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Functional analysis of genes candidates to maintain the X chromosome inactivation in humans

Grant number: 14/26348-6
Support type:Scholarships in Brazil - Master
Effective date (Start): April 01, 2015
Effective date (End): February 28, 2017
Field of knowledge:Biological Sciences - Genetics
Cooperation agreement: Coordination of Improvement of Higher Education Personnel (CAPES)
Principal Investigator:Lygia da Veiga Pereira
Grantee:Karla Alejandra Vizcarra Zevallos
Home Institution: Instituto de Biociências (IB). Universidade de São Paulo (USP). São Paulo , SP, Brazil

Abstract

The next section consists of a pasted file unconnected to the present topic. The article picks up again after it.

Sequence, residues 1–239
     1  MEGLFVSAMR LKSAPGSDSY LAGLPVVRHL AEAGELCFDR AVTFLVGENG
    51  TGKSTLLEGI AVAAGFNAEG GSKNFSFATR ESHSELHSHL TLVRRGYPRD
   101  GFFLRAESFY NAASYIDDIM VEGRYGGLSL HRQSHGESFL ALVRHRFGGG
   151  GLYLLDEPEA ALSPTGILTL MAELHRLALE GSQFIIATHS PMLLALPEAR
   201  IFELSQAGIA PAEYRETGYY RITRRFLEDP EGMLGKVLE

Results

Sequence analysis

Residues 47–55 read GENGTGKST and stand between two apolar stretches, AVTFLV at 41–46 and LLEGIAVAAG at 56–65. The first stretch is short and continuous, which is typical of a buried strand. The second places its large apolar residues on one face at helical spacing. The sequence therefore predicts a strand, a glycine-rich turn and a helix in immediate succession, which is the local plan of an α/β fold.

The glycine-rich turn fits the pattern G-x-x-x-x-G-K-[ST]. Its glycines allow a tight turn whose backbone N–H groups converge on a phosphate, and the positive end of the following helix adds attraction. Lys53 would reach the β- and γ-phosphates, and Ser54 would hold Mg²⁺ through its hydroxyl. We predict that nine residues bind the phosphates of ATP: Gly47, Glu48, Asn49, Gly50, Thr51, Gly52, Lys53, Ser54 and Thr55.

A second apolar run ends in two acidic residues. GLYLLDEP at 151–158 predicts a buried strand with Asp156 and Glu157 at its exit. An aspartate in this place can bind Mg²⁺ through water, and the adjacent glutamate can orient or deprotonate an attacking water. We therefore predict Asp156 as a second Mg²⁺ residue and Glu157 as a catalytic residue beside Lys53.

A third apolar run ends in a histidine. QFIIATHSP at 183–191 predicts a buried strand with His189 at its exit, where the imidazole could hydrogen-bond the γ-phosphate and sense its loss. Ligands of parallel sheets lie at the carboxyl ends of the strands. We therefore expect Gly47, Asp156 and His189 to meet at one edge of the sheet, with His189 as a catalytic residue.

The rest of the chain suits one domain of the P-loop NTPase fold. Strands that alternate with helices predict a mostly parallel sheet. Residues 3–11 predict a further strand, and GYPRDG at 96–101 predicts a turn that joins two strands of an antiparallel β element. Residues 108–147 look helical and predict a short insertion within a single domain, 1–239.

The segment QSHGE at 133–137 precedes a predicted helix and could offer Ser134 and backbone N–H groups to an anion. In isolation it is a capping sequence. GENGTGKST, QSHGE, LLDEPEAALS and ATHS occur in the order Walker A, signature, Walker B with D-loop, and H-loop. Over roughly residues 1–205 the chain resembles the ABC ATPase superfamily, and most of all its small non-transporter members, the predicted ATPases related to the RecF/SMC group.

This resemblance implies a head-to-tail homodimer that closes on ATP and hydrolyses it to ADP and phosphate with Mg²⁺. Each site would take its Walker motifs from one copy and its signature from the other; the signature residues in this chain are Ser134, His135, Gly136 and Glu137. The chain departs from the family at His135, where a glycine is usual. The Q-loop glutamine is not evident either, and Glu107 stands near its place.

The X Chromosome Inactivation (XCI) in females is an example of epigenetic regulation. The silencing of X chromosomes leads to stable formation of facultative heterochromatin by acquiring multiple changes in chromatin that are maintained in the subsequent cell divisions. The mechanisms involved in the initiation and establishment of XCI have been extensively studied, especially in mice. Nowadays, some epigenetic characteristics associated with maintenance of XCI have been described; however, the mechanisms of action and the identity of the different factors involved in the process are unknown or poorly understood. Our laboratory performed a screening of genomic functional shRNAs libraries to find genes involved in maintaining XCI in humans. From this study, 20 new candidate genes were identified as possibly involved in the maintenance of XCI. The aim of this project is to validate four of these candidates (SRSF10, H3F3B, ASF1A and PSKH1), analyzing the degree of their involvement in epigenetic control process of chromosome X. For this, the silencing of different candidate genes will be accomplished through specific shRNAs in female primary fibroblasts with full deflection of XCI. Then, the reactivation of Xi will be assessed in these cells by the analysis of allele-specific expression of X- linked genes containing informative SNPs previously identified in our laboratory. There will also be performed RNA-FISH assays and trimetilation of histones to evaluate the reactivation of Xi. Finally, if more than one candidate gene presents a role in maintaining the XCI, they will also be evaluated by their action in synergy in the cells. The study proposed here will contribute to a better understanding of the XCI maintenance process and the factors involved in epigenetic inheritance in humans. (AU)